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What is Atrial Fibrillation?

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  • Written By: R. Anacan
  • Edited By: Bronwyn Harris
  • Last Modified Date: 14 November 2016
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Atrial fibrillation, also known as afib, is a term used to describe a disorder of the heart. Atrial fibrillation is a form of cardiac arrhythmia, which means that the heart’s normal beating rhythm is interrupted. The condition may be permanent, may come and go without treatment, or may be stopped only with treatment.

Atrial fibrillation can cause heart palpitations, chest pain, dizziness, shortness of breath, weakness, and fatigue, although many people experience no symptoms at all. It is estimated that approximately two million people in the United States experience atrial fibrillation. While the condition itself is not generally fatal, it can lead to increased risk of stroke, heart failure and heart attack.

Heart disease and high blood pressure are the two main known causes of atrial fibrillation. Both of these conditions can cause damage to the heart, making it more susceptible to cardiac arrhythmia. Other common causes are heart abnormalities or defects, illness, sleep apnea, and metabolic or chemical imbalances in the body.

The heart is composed of four chambers. The top two chambers are known as the atria and the bottom two chambers are known as the ventricles. All of the chambers must contract or expand at precisely the right time to ensure that blood is received from the body, oxygenated and then pumped back out to the body effectively.

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After the body has depleted the oxygen in the blood, it enters the heart through the right atria. From the right atria the blood is pumped to the right ventricle, where it is pumped to the lungs, which replenishes the blood with oxygen. Once replenished with oxygen, the blood is transported from the lungs to the left atria, where it is pumped into the left ventricle. From the left ventricle, the oxygen-rich blood flows into the aorta, which is the largest artery in the body. From the aorta, blood reenters the bloodstream and is distributed throughout the body.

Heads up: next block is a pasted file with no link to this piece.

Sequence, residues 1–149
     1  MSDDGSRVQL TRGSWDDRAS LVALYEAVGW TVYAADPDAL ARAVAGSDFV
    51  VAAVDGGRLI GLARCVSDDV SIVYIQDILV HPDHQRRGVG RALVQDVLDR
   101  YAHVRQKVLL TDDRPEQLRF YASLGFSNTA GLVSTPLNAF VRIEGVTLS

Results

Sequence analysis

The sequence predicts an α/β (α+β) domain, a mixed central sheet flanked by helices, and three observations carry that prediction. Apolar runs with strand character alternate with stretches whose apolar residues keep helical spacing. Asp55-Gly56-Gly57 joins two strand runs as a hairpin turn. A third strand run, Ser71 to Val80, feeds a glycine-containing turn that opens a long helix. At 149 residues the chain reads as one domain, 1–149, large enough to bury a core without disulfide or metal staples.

In a healthy heart, regular electrical impulses tell the heart when to expand and contract. During atrial fibrillation, the electrical impulses are irregular and very rapid. This causes the left and right atria to quiver instead of beating effectively. As a result of the irregular heartbeat, the atria may not fully pump out all of the blood that is in it, possibly causing blood to pool and collect.

When blood is allowed to collect, clots are more likely to form. If a piece of a formed blood clot breaks away and flows out of the heart, it may lodge in an artery of the brain causing a stoppage of blood flow to the brain, resulting in a stroke. It has been estimated that approximately 15% of patients who experienced a stroke also experienced atrial fibrillation.

Treatment of atrial fibrillation generally consists of preventing blood clots from forming and restoring regular rhythm to the heart. Blood thinning and anti-clotting medication is often prescribed to reduce the risk of a stroke. Medication can also help regulate the rhythm and rate of the heart. In addition to medication, treatment may also consist of surgical and non-surgical procedures to restore normal rhythm to the heart.

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